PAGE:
Global Health: Law and Policy

Course summary

This course offers a grounding in the fundamental elements of global health law and policy. It explores the form and function of global health; the social influences that can impact upon global health; and how international law and policy shape the contours of global health. This course also supports students to assess international institutions that administer global health programmes and/or respond to global health needs through international innovation and collaboration.


  1. Global Dimensions of Health
  2. Global Health: Institutions and Instruments
  3. Social Influences of Health
  4. Global Health Emergencies
  5. Sharing Knowledge, Experiences and Resources
  6. Clinical Trials in a Global Health Context
  7. Communicable Diseases
  8. Non-communicable Diseases
  9. Global Health, International Trade and Intellectual Property 
  10. The Limits of Law in Global Health

Learning outcomes

By the end of this course you will be able to:

  • demonstrate a critical understanding of the theories, concepts, principles, actors and policies in global health law and policy;
  • apply knowledge, skills and understanding of the foundational theories, concepts and principles to critically analyse the roles and relationships within the global health setting;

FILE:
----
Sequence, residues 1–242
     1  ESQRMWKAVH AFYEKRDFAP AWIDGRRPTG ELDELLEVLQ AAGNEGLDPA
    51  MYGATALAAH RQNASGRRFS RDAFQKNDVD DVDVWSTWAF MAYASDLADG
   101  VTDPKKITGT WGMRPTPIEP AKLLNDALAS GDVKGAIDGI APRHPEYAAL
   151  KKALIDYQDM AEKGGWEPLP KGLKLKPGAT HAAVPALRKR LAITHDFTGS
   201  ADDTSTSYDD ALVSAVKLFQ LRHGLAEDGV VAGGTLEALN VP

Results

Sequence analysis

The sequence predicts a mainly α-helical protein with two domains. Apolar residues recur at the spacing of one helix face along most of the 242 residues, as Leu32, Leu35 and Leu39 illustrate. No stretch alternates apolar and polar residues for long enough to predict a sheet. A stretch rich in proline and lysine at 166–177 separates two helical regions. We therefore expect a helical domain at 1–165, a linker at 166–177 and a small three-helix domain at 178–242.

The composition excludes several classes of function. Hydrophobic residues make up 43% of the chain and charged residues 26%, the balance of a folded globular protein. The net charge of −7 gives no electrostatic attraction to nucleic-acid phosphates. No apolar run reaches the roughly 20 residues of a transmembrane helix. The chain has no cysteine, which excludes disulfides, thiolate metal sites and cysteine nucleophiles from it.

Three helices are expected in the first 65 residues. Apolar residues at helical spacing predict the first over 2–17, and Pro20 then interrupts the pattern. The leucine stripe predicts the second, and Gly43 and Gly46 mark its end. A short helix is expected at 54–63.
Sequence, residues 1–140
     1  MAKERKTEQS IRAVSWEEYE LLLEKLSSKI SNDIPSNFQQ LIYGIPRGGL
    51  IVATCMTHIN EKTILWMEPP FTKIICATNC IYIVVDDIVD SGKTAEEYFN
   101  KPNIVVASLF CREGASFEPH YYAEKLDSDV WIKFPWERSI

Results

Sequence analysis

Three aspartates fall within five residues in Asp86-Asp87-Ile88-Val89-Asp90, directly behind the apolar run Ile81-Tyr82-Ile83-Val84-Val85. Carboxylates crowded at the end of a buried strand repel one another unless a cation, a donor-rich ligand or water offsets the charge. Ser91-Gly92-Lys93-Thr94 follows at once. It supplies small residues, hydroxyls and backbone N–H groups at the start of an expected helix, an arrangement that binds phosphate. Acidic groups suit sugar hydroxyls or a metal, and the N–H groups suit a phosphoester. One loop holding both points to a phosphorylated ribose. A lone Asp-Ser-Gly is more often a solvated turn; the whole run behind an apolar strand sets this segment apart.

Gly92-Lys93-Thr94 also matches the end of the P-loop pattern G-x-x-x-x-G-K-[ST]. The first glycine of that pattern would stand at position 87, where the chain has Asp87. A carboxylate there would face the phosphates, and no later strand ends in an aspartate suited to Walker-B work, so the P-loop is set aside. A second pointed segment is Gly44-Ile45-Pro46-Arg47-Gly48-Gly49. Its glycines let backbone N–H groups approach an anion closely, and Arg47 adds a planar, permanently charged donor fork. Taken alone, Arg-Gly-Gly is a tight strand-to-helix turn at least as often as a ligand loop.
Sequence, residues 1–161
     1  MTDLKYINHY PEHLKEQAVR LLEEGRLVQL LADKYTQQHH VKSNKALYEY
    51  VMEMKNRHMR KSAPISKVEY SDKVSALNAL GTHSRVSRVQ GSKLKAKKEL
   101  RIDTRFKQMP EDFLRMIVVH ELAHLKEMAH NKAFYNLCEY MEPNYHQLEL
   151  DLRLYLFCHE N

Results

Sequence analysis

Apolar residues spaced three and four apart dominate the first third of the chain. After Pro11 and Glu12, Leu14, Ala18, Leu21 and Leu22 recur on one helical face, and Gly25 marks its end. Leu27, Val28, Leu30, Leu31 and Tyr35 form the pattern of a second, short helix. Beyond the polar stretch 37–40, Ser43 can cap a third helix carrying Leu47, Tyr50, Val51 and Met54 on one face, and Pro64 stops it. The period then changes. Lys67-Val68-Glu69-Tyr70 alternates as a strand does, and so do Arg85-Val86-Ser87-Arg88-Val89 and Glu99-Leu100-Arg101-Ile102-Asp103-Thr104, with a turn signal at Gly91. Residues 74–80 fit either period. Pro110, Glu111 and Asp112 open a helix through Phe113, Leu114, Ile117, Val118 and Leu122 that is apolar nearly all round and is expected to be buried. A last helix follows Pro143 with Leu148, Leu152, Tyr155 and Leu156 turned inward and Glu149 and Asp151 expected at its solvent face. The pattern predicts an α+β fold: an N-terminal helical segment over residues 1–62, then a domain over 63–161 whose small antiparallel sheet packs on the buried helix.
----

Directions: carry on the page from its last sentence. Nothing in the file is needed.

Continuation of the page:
• develop, well-reasoned and justified arguments in response to the legal and policy issues arising in the global health context;
  • utilise concise, effective, cross-disciplinary communication skills to interact with colleagues from different professional backgrounds.


Summative essay (60%): max 4000 words, and written problem-based assignment (40%): max 1000 words 

Terms and conditions

Please note the University reserves the right to make variations to the contents of programmes, including the range of courses offered, and the available choice of courses in any given year may change.

Find out more about the University's terms and conditions